Inevitably, we end up planting our 1st, 2nd, and possibly 3rd rotation of lettuce transplants all at once. This not a big deal, it just tends to stack up a lot of lettuce at one time. Thankfully, lettuce mostly matures at the same time. “Mostly” being the operative word.
All crops have a range of maturity, and with lettuce we will be harvesting the over achievers first and letting the laggards mature for a later harvest date. For now, I am happy to report that 2500 red leaf, green leaf, and romaine lettuce starts are in the ground. And it is a good thing, because plantings 4 and 5 are close behind!
This weekend we are also driving T-posts and stringing the peas. The same weather that tossed a wrench in our transplant schedule also impacted our ability to cultivate the peas with the tractor. In a perfect situation, we would have been able to “hill” them and smother the weeds in the row and kill a bunch of weeds outside the rows. This year there wasn’t a dry enough window to do that and so now we are going to be hand hoeing.
It isn’t a big deal, maybe an extra 3 hours compared to 10 minutes with the tractor. On the bright side, the peas look great! They just grew beyond the point where I was comfortable tractor weeding. Those peas are off to a great start! Think mid to late June for a harvest date.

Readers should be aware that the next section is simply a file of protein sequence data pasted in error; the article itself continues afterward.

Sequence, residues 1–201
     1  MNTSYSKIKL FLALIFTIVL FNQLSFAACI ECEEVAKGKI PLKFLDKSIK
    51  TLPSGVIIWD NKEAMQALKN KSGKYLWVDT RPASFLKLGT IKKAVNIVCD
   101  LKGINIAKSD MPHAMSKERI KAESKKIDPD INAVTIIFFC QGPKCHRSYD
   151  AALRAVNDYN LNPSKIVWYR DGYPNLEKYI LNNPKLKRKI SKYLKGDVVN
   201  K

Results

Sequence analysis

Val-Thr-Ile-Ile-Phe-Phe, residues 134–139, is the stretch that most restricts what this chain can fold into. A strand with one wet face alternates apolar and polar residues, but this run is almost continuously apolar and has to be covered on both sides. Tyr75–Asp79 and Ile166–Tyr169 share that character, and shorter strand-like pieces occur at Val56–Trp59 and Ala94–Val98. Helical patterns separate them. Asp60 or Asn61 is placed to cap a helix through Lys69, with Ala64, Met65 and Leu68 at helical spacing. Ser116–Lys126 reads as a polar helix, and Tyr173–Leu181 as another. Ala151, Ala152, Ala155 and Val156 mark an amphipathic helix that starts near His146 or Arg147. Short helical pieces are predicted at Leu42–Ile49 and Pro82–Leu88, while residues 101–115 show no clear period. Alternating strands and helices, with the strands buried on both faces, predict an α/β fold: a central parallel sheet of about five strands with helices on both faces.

And since we are talking about peas, next week we are harvesting Pea Vines and Tendrils. I know, you are thinking “fancy.” Actually, I am thinking that the cover crop I planted last fall to protect and nurture the soil is lush and green and ready to harvest. We didn’t plan to harvest these for food, but I am now. They taste absolutely amazing. The tops of pea plants are very tender and taste surprisingly like peas. They will make a great addition to salads or stir fries. Joanna and I just graze them like Peter Rabbit or Bambi might, helping ourselves to a top here and another there as we mosey along.
Now to be clear, while pea vines are very tasty, I am not willing to harvest Pea Vines that will become SUPER SUGAR SNAP PEAS in the near future! Nope, nada, never. So, I essentially have two different varieties of peas, Austrian Winter Peas and Sugar Snap Peas. Both produce tasty pea vines and tendrils, but the Sugar Snap Peas produce those big, plump, juicy, green peas and it would be a culinary shame to eat those vines. That being said, the Austrian Winter Peas are ready to harvest and provide a splash of local farm goodness!
Cheers to your health!